The Timing and Place of Barzani’s Speech

July 30, 2012

President Barzani’s speech about the current crisis with Baghdad and the issues surrounding the removal of Iraqi Prime Minister Nuri al-Maliki was right in that it answered his critics, but it should have been given to a different audience, in a different place, at a different time and in a different language.

The speech did not achieve the impact it should have, especially as the crisis escalated and Iraqi soldiers approached the Syrian border close to Kurdish territories.

As an observer, I was first of all surprised that the speech was not televised. The second surprise was that it was in Kurdish. Especially with the recent escalation of tensions, Iraqi Arab public opinion is very much against the Kurdish region. The media in Baghdad has been full of pro-Maliki voices to say the least, and they are all depicting Kurds as those who want everything.

President Barzani’s speech touched on many issues related to the future of Iraq as a whole, not just as pertains to the Kurds. One of the key points in talks with Baghdad has been the vision of the country’s federal future. But this is not known to the Arab public.

In the absence of a strong Kurdish presence in Baghdad’s media, a televised message from President Barzani in Arabic for the people of Iraq would have explained the Kurdish position to the rest of Iraq. It would have also been a strong response to Maliki’s NRT interview.

Right now, the text of the speech is available in Kurdish. An Arabic translation is available on the presidency website. At the time of writing this article, the Kurdish text had received 2,900 hits; the Arabic, 680 hits.

A day after the speech, very few websites or news services, apart from Kurdish ones, ran the story. Even the KDP’s newspaper in Baghdad, Al-Taakhi, ran a summary of the speech in Arabic and said that they would provide the full text the following day.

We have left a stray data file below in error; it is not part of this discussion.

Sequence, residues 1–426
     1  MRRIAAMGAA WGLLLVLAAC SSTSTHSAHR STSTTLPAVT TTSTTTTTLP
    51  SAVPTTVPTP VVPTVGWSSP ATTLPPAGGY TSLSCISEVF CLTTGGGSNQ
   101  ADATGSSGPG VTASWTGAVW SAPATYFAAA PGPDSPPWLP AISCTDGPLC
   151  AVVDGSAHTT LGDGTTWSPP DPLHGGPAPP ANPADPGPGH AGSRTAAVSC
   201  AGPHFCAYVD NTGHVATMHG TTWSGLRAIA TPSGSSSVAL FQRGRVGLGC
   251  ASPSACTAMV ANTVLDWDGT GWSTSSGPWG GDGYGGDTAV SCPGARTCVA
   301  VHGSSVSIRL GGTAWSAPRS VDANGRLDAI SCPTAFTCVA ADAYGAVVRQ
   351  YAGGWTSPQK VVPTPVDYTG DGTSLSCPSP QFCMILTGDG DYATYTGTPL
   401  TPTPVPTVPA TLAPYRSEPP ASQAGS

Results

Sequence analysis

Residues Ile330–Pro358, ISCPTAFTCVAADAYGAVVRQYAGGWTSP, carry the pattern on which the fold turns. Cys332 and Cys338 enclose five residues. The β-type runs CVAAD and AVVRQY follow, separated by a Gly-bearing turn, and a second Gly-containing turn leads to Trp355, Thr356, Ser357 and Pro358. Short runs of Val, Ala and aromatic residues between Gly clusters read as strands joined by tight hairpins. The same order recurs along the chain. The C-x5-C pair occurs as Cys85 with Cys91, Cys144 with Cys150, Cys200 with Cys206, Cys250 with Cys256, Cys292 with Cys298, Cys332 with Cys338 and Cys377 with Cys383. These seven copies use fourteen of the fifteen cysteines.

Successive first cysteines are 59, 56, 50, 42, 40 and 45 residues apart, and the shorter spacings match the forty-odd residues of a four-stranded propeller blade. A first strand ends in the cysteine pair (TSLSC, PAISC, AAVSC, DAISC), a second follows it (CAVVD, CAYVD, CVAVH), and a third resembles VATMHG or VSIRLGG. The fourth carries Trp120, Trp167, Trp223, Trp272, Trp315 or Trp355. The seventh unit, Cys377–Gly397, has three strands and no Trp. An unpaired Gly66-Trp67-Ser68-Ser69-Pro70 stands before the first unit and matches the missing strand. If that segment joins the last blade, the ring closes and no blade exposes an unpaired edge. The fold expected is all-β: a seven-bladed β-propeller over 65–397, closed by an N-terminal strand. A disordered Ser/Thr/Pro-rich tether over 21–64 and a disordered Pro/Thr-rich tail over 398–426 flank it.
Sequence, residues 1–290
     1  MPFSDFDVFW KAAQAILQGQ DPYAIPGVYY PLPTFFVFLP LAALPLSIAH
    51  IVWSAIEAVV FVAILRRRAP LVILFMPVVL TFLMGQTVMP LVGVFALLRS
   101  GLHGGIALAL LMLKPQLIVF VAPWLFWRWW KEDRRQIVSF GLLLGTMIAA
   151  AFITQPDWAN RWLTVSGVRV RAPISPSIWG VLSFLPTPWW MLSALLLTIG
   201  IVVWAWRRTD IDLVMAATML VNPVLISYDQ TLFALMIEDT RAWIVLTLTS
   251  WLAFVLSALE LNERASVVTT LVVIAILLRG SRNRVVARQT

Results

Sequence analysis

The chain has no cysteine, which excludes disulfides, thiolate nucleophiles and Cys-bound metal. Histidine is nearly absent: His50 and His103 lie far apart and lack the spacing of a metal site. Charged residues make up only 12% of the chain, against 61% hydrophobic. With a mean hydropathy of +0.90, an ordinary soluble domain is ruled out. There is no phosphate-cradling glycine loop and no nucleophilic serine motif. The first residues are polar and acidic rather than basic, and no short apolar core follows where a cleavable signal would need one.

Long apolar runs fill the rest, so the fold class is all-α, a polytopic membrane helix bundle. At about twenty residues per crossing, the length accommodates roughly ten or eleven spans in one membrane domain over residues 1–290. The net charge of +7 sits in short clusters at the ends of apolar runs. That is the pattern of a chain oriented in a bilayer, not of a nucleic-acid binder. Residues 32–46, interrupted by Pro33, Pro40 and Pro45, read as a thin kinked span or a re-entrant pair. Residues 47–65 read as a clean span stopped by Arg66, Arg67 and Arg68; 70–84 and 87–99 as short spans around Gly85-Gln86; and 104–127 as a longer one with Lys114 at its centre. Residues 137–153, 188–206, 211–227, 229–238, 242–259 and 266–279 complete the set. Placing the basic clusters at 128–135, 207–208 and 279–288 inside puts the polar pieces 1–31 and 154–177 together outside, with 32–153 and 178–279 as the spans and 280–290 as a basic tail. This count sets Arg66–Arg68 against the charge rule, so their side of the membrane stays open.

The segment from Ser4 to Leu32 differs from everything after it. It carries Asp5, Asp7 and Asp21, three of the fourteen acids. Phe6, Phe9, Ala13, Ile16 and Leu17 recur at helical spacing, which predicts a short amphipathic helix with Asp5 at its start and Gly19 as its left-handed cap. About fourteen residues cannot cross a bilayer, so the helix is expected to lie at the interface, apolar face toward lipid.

Although the Kurdish audience has heard many of the points that were raised in the speech, it conveyed less hope and confidence in the future, along with a number of unanswered questions and issues that need more explanation.

The main question being: if confidence in Maliki was lost as far back as 2008, why did the Erbil Accord take place and why was Maliki appointed as PM two years after that? Shouldn’t this speech or the one Barzani made at Newroz have been delivered in 2008 or shortly thereafter?

This leads to the issue of Maliki’s poor performance and warnings that he was leading the country to an unknown destination. There should have been constant reminders to the public by ministers and representatives in Baghdad.

As things stand, it seems that the Kurdish officials in Baghdad have no issues with Maliki; it is only those in Erbil. This should have been dealt with a while back, and the reverse should have been true.

President Barzani should have been the person to settle the dispute and not the one to initiate it or the last resort. This would have been done by representatives trusted to think and make decisions independently, without having to go back to Erbil about everything.

The final impression of the speech is of being stuck and not knowing what to do, offering anyone who has a better solution to come and help.

At times of crisis, the people look to the leaders for answers and guidance. The leaders must have answers and provide a roadmap for the future.

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